He was born in Peoria, Illinois and developed a lifelong interest in China that led him to plan a series set in "an Ancient China that never was". This began with Bridge of Birds (published 1984), which introduced Li Kao, an ancient sage and scholar with "a slight flaw in his character", and his client, later assistant, the immensely strong peasant Number Ten Ox, who narrates the story.
The book blended Chinese mythology - real and made-up, from a variety of eras - with detective fiction and a gentle, occasionally ironic humour. One version of this myth is recounted under Milky Way:Mythology.
Bridge of Birds shared the 1985 World Fantasy Award for best novel and won the 1986 Mythopoeic Fantasy Award. It was followed by The Story of the Stone (1988), and Eight Skilled Gentlemen (1990). No further books followed, although Hughart's intention was for a series of seven novels, in the last of which Li Kao and Number Ten Ox would die facing the Great White Serpent (a conflict alluded to in Bridge of Birds), but would become minor deities, continuing to cause problems for the August Personage of Jade.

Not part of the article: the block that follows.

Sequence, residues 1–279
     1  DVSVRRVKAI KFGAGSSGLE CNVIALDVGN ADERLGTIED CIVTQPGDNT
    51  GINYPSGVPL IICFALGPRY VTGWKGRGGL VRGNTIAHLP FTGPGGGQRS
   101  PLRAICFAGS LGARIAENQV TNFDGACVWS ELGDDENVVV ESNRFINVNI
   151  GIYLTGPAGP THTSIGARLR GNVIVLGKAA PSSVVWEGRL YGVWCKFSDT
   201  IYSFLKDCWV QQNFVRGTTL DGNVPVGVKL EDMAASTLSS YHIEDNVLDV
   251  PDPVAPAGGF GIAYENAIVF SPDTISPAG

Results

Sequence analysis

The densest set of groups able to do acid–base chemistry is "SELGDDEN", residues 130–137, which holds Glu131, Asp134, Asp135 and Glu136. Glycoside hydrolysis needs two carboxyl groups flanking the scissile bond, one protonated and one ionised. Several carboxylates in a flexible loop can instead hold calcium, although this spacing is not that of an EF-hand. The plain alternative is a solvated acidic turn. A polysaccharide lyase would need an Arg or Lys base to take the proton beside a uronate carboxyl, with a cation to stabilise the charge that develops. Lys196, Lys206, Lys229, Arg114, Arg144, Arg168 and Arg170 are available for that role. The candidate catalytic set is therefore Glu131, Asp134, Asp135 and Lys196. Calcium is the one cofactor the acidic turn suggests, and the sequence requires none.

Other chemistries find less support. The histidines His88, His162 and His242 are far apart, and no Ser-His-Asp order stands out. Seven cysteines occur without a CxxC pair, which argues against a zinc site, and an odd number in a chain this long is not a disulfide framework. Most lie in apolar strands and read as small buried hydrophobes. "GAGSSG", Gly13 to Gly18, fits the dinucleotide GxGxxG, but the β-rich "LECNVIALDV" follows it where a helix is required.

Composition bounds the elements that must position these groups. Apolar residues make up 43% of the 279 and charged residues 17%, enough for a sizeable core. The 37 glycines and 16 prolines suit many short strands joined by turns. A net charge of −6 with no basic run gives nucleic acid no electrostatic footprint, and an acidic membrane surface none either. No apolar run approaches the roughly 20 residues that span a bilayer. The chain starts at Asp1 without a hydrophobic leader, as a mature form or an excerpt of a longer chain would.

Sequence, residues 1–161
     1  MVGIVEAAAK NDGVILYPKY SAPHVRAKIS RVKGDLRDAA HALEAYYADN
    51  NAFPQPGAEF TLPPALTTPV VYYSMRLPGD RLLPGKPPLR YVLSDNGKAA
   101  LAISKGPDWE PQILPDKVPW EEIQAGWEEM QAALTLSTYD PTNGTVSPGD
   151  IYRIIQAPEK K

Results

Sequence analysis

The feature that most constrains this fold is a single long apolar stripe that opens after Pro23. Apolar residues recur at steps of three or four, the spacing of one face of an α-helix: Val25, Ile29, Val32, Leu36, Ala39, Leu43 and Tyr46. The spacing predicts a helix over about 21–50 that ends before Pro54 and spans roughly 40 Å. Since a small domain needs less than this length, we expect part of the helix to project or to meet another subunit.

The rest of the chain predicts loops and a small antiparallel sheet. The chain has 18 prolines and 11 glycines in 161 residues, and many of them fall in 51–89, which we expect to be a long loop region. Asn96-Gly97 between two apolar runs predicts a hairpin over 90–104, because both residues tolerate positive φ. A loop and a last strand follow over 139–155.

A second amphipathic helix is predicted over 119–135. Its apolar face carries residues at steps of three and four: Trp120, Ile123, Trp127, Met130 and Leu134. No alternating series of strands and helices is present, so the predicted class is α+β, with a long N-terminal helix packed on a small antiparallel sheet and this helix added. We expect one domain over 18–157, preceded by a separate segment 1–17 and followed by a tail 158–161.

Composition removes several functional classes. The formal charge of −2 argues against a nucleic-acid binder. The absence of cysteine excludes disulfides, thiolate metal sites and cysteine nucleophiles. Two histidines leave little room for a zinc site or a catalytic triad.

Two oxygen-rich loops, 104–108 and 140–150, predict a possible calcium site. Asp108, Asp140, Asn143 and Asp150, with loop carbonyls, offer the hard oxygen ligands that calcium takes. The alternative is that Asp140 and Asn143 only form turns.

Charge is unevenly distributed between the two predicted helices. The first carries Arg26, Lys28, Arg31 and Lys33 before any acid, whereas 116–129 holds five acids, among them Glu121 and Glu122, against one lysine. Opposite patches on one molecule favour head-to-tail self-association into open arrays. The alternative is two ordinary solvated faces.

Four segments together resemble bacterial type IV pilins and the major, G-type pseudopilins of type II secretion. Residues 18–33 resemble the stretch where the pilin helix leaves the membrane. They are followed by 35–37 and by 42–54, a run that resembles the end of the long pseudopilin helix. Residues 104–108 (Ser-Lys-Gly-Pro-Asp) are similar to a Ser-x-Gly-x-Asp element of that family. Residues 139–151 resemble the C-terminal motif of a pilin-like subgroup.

An omnibus edition entitled The Chronicles of Master Li and Number Ten Ox (ISBN 0-9665436-0-2) was published in 1998. It was illustrated by Kaja Foglio.
Hughart has blamed the end of his writing career on unsympathetic and incompetent publishers. The style of his books made him difficult to classify and he felt his market was restricted by the decision to sell only to SF/Fantasy outlets. His publishers did not notify him of the awards given Bridge of Birds, and published The Story of the Stone three months ahead of schedule, so that no copies were available when the scheduled reviews appeared, whilst the paperback of Eight Skilled Gentlemen was published simultaneously with the hardback. When his publishers then refused to publish hardback editions of any future books, Hughart found it impossible to afford to continue writing, bringing the series to an end.
At last report he lived in Tucson, Arizona.
See also: Chinoiserie